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StickEm said:
All good advice. Bring all the ICE you can. Your fishbox is insulated but add some tape around the edge for the run until the first fish to keep it as cold as possible. I prefer block ice since it will usually last longer. You may have some extra space in the lazarette under your fishbox to fit an additional cooler of ice. Store some of your butterfish flats in the livewell if needed. You might consider cutting up some of your butters before you leave. Otherwise, you've got the generator and all the other safety gear. Enjoy and happy hunting.
No block ice if you want good tuna meat! Don't mean to get technical on you but block ice beats up the meat if its getting banged around all night or on the ride home and block ice doesn't let you get into all the cavities you need to cool down fast! You don't want to eat bruised up tuna it gets mushy. Chipped ice or cubed ice only if you want the best tuna! Block ice may last longer but its only an overnighter and cubed ice or shaved ice will last 24-30 hours no problem if you plan right and pack right. Block Ice under the bally bait tray only.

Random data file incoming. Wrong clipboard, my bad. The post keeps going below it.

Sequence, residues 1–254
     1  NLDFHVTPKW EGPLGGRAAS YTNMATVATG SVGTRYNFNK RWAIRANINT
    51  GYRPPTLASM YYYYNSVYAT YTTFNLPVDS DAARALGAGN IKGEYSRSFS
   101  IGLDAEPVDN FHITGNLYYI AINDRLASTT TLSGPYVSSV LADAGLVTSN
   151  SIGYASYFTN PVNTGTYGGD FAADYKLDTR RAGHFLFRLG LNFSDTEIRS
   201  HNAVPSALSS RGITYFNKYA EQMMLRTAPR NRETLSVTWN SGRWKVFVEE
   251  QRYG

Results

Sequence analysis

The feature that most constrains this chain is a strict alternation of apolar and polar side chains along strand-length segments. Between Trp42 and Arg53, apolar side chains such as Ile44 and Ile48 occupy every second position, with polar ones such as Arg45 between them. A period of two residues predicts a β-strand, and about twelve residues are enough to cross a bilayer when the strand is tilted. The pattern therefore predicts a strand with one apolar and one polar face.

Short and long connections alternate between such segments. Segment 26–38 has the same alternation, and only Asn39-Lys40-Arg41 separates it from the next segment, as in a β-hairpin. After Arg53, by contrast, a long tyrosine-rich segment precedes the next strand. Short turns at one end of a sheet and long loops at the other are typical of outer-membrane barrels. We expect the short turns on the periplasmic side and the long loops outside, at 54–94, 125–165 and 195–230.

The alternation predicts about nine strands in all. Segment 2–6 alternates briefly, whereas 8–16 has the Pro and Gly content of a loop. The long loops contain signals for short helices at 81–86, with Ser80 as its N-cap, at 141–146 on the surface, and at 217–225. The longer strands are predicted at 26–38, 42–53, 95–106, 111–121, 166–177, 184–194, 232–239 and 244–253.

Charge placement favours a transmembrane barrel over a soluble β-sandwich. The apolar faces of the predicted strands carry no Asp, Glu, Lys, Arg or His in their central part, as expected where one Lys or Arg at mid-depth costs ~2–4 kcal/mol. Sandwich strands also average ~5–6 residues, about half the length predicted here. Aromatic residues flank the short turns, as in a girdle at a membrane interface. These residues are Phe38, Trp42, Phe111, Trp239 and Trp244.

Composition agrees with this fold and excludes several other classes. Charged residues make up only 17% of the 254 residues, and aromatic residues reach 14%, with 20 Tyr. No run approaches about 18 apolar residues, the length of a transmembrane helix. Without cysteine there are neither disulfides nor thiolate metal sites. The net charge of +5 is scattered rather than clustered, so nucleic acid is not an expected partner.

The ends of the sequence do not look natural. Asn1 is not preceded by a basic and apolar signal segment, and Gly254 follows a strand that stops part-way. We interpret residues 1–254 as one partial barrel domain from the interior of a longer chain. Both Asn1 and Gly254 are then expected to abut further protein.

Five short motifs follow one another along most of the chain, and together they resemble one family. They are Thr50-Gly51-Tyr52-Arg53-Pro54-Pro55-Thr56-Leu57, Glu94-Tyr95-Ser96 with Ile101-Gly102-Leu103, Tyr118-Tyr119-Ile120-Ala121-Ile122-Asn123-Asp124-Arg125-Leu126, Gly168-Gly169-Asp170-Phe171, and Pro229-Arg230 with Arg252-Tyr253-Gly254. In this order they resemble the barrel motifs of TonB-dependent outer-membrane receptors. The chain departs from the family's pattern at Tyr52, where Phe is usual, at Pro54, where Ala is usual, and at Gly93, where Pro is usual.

Bleed all your tuna, and collar them if you want extra room. You want to take care of them fish right and not sitting with their hot guts in them cooking from the inside out. If you're not collaring bleed 'em out in the corner with a tail rope, after they're all bled out a quick way to gut 'em on an overnighter is take a knife from the anus all the way up to the chin in one cut with a serated knife. Stick your hands up in 'em and rip everything out you can thats lose. Check their belly always to see what they are snacking on. May help you catch more. Shoot the cavity with salt water and pack em in ice for the rest of the trip and leave alone best you can.
 

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overnight canyon

Years back the only reason we stayed out overnite in the deep was "Swordfish"! During the late sixties to mid eighties probably made one overniter per 30 day trips ,fishing was that good. The last decade or so I made more nite trips than I cared to do. I agree with most said ,in a small boat iffy weather stay home. Running in solid six footers or bett:cool:er for 60 + miles is no fun, if anything happens you are alone. Early on, no loran, GPS, only radio's and your compass. Today you have the best of everything try to include most or use the buddy system, preferbably with a guy that has gone several times. Somehow a boat you know on the horizon always made me feel a lot better! Come to think of it today that's probably not a problem. Items on my boat for offshore, extra fire extingishers, known fuel usage, epirb, radio to go, and a good raft! I've always felt if anything happens at nite your gonna be your own first line of safety!